Three keys to keeping your employees engaged

Late last year, our Dale Carnegie corporate office commissioned a study on employee engagement in the workplace. Conducted by MSW research, the study focused on 1,500 employees aged 18 to 61 across all business sectors.

Employee engagement is defined as the emotional and intellectual commitment of employees to deliver high performance.

What the research found is that there are three primary drivers of employee engagement:

  • Relationship with immediate supervisors
  • Belief in senior leadership
  • Pride in working for their company

The first and most dramatic finding was that if employees are dissatisfied with their immediate supervisors, there is an 80% chance that they are disengaged. This statistic reinforces the significance of building positive relationships in the workplace. Similarly, having a “caring” manager is one of the key elements to a positive and successful employee engagement strategy. Employees want to feel valued and have their manager take an interest in their personal lives, health, and well-being.

The second driver that affects employee engagement is a belief in senior leadership. Employees are inspired by role models who encourage goal achievement, which contributes to positive engagement and a better overall workplace environment.

Finally, employee engagement is highest among those who take pride in working for their company. The study identified the following four characteristics needed for engagement: enthusiasm, empowerment, inspiration, and confidence.



Key survey results

While less than a third of employees are engaged, some groups of employees are more engaged than others.

  • Engagement levels appear to increase during the first five years of employment.
  • Executives (VPs and higher) and medical workers are the most highly engaged employees.
  • Employees in education, social work, and sales are the least engaged.
  • Employees aged 50 to 60 are the least likely to be engaged.
  • 26% of part-time workers are engaged vs. 31% of full-time workers.
  • 45% of managers and supervisors are engaged, and only 23% of all other workers are engaged.

Disengaged employees are two and a half times more likely to leave for any level of pay increase than employees who are engaged.

  • 26% of engaged employees would leave their current job for just a 5% pay increase.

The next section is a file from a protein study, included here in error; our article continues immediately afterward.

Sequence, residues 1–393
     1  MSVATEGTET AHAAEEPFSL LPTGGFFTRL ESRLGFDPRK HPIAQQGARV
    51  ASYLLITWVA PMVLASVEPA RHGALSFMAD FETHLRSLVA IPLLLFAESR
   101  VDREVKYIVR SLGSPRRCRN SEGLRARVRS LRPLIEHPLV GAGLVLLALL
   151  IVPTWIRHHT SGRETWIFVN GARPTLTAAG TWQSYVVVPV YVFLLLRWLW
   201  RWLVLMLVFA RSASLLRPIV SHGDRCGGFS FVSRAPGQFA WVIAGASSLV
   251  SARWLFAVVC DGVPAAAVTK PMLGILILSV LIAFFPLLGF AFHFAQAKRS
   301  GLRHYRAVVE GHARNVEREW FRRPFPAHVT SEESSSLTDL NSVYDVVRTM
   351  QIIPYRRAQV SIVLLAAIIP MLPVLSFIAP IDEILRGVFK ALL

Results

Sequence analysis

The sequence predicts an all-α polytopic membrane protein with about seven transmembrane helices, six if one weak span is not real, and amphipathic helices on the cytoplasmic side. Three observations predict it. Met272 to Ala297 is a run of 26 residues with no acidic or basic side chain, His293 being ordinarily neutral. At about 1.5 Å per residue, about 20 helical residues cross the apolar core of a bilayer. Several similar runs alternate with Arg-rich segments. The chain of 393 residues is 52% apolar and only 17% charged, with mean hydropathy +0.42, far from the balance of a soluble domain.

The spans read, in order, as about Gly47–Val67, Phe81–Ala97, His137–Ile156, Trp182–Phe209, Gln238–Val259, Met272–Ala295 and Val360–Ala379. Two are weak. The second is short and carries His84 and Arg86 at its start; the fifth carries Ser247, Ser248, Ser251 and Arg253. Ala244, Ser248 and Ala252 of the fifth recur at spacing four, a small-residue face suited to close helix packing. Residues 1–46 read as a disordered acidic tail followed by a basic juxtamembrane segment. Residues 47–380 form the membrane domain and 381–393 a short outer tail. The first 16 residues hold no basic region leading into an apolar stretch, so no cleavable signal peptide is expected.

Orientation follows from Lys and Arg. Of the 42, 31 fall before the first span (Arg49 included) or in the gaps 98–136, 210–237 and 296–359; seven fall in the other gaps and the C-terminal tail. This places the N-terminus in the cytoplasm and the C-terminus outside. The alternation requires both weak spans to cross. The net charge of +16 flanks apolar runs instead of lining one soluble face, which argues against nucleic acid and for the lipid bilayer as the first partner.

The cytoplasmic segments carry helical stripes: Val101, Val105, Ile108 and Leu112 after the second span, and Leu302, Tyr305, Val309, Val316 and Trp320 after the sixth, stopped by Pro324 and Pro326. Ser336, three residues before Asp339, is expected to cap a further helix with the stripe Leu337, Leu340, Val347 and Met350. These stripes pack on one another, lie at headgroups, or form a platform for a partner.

• 46% of partially engaged employees would leave their current job for just a 5% pay increase.
  • 69% of disengaged employees would leave their current job for just a 5% pay increase.

Employee engagement rates are directly tied to feelings about interaction with one’s immediate supervisor.

  • 49% of employees who were satisfied with their direct manager were engaged.
  • 80% of employees who were very dissatisfied with their immediate supervisor were disengaged.
  • 28% of employees felt a negative emotion from their interaction with their supervisor, and only 10% of these employees were engaged.
  • 53% of fully engaged employees say they learned a lot from their supervisor compared to 19% of people who are not fully engaged.
  • 62% of engaged employees say their manager sets a good example, compared to 25% of people who are not fully engaged.
  • 40% of employees who feel empowered by their supervisor are engaged.

Personal lives are no longer off limits. Managers who are viewed as caring about employees’ personal lives have employees who are more engaged.

  • 66% of employees believe their manager does not care about their personal life.
  • 54% of employees who believe their manager cares about their personal life are engaged.
  • 17% of employees who believe their manager does not care about their personal life are engaged.

Senior leadership’s actions also have a direct impact on employee engagement.

  • 61% of employees who have confidence in senior leaders’ abilities and think they are moving the organization in the right direction are fully engaged.
  • 61% of employees who say they are satisfied with the amount of input they have in decisions affecting their work are engaged.
  • 60% of employees who feel they have an impact on the direction of the company are engaged.
  • Employee engagement levels are twice as high among employees who say they are proud of the contributions their organization has made to the community.

In summary, if you want a fully engaged workforce, pay extra attention to the three drivers above and follow through with an employee engagement plan of action. More on this in my next blog.

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